The biggest achievement of this system is the slow gradient of change it provides. Other racing games can have a very hard dry/wet border but in WRC 8 the change is dependent very much on the nature of the rain. A light spray can roll onto the course and then off without affecting things too much, while a storm can quickly create puddles that are waiting to catch you out.
The weather system is best experienced in the extreme conditions challenges, that puts you in a damaged car, often during a storm or at night, and sets you the task of getting a certain distance in a certain time.
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Crashes & damage
Motorspot is dangerous. We were given a horrific reminder of that this weekend with the passing of F2 driver Anthoine Hubert after a catastrophic on-track accident.
Rally games have always had to include this aspect of the sport due to the immediate and extremely solid surroundings the course has. For many that is one of the things that adds to the thrill of rallying, with cliff edges, trees, and buildings waiting for any slip. Those slips will inevitably come on WRC 8 and you are justly punished.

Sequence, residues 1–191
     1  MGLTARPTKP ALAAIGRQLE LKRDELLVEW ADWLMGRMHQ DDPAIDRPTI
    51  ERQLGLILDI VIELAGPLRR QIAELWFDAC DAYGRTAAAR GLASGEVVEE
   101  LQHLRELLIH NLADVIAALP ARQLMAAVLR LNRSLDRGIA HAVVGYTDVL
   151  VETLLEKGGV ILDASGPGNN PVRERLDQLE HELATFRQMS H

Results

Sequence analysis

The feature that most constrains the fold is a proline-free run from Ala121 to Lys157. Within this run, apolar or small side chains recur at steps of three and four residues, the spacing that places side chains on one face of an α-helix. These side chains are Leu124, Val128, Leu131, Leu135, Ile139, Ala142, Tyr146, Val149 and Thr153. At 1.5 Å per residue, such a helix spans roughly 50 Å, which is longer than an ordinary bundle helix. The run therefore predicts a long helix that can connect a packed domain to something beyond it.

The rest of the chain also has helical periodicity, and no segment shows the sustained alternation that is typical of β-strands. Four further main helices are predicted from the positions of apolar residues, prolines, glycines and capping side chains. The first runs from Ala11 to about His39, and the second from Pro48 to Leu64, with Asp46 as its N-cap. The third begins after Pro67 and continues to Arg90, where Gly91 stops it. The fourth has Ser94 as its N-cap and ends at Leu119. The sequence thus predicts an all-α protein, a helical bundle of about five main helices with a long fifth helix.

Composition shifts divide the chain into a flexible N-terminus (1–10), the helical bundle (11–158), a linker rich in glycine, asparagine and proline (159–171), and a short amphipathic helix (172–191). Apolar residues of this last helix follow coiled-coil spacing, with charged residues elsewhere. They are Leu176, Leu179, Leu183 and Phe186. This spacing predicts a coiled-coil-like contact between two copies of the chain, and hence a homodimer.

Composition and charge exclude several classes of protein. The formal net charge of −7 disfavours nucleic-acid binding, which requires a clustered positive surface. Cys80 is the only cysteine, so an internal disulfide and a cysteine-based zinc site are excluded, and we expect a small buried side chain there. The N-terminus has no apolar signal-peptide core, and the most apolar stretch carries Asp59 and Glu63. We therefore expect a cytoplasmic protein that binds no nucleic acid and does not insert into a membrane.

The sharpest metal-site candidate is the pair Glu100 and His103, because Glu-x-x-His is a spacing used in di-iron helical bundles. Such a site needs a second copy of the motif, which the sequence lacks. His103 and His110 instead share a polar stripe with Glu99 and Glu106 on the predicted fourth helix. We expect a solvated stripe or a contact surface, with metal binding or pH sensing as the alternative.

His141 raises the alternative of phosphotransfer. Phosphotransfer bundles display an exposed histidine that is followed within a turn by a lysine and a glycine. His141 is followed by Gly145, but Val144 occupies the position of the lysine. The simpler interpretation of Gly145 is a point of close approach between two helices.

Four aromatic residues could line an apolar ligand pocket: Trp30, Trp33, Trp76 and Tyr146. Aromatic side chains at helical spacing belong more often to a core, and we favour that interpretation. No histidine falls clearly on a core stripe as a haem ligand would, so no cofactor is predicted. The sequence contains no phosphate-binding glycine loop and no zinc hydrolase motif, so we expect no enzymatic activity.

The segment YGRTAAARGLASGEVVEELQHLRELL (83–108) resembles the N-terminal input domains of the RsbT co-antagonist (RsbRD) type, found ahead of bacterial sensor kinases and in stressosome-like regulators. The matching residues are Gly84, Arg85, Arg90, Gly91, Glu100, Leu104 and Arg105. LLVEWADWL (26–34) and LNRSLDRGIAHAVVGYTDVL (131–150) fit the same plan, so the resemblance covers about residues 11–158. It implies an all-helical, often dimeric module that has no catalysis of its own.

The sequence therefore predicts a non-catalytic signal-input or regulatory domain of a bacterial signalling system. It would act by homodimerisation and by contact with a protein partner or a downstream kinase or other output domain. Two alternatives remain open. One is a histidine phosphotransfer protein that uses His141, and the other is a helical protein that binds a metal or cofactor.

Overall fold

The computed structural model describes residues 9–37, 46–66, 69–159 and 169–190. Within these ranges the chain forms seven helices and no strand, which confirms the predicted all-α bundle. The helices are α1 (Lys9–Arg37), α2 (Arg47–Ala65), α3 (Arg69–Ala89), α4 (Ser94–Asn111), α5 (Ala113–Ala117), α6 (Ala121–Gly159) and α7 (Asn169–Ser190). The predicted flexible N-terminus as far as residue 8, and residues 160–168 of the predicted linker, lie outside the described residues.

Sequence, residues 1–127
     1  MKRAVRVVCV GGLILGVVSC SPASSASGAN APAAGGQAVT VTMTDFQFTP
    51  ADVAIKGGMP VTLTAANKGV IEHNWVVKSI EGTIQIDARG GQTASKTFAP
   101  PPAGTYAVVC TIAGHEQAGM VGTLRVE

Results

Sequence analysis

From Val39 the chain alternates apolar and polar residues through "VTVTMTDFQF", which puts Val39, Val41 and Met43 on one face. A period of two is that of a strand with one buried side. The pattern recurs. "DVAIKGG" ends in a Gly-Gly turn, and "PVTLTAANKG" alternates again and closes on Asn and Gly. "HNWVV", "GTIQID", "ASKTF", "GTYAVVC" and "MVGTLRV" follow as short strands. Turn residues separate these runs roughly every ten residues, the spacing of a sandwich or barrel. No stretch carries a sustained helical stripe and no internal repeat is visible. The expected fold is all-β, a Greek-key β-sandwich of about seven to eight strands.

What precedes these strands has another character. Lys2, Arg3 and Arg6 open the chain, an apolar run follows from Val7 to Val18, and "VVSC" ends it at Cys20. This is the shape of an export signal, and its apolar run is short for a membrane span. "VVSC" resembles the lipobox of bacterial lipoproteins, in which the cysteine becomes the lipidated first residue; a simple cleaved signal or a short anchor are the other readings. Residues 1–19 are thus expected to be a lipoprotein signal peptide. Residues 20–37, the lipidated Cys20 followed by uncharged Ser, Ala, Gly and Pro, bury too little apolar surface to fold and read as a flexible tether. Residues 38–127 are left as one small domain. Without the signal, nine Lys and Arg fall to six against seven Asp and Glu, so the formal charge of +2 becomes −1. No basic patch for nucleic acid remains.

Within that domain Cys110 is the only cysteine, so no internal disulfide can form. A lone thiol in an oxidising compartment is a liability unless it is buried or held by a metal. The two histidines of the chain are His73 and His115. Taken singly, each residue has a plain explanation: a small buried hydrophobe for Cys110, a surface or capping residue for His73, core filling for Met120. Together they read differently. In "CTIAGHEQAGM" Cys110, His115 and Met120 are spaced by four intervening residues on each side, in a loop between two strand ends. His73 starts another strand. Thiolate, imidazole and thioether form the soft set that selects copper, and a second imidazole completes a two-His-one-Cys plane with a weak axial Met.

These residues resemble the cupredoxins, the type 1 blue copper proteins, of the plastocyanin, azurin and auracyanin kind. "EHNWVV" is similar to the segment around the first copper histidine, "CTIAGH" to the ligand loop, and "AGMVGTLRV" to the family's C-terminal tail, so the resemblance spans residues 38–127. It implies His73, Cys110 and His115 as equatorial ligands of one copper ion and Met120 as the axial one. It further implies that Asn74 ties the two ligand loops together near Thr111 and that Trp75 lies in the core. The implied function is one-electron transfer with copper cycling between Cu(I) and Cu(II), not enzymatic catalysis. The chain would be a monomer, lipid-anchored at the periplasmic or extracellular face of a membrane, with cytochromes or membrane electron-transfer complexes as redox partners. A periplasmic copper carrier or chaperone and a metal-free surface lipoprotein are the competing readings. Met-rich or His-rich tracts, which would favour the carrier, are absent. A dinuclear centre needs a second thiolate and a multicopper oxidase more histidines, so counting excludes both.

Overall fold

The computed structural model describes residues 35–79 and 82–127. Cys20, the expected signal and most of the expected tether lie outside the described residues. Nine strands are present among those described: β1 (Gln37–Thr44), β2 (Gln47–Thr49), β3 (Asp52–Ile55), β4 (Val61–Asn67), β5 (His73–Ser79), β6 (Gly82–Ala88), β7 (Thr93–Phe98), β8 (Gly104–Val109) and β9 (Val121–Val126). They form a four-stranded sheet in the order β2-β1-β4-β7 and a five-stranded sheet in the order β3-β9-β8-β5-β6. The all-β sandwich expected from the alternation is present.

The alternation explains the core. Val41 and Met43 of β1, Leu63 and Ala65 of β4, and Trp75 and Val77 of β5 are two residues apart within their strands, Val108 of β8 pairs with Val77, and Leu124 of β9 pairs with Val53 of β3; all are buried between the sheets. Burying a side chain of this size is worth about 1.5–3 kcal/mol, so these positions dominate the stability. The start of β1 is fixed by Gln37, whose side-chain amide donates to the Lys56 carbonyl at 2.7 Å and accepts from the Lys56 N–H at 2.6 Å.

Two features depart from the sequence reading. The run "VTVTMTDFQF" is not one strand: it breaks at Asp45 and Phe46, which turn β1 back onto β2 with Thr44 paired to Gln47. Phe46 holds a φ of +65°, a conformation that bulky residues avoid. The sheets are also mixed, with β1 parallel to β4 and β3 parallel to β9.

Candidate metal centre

The reset system can put you back on the track quickly, but with a time penalty, and the damage your car sustains can have immediate and sustained impact on your performance. Steering becomes unresponsive, the engine starts underperforming, the transmission stuttering. You can feel the car breaking as you keep pushing to the finish line and get to your crew so repairs can happen.
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Multiplayer is, thankfully, not a free-for-all on the same stage that asks you to overtake anyone. Instead, you are all ghosts and you can see your rivals on the stage but not interact with them physically.
This makes for a very civil affair compared to the online lobbies of F1 games, but still provides you with that target to aim for and a rival to beat.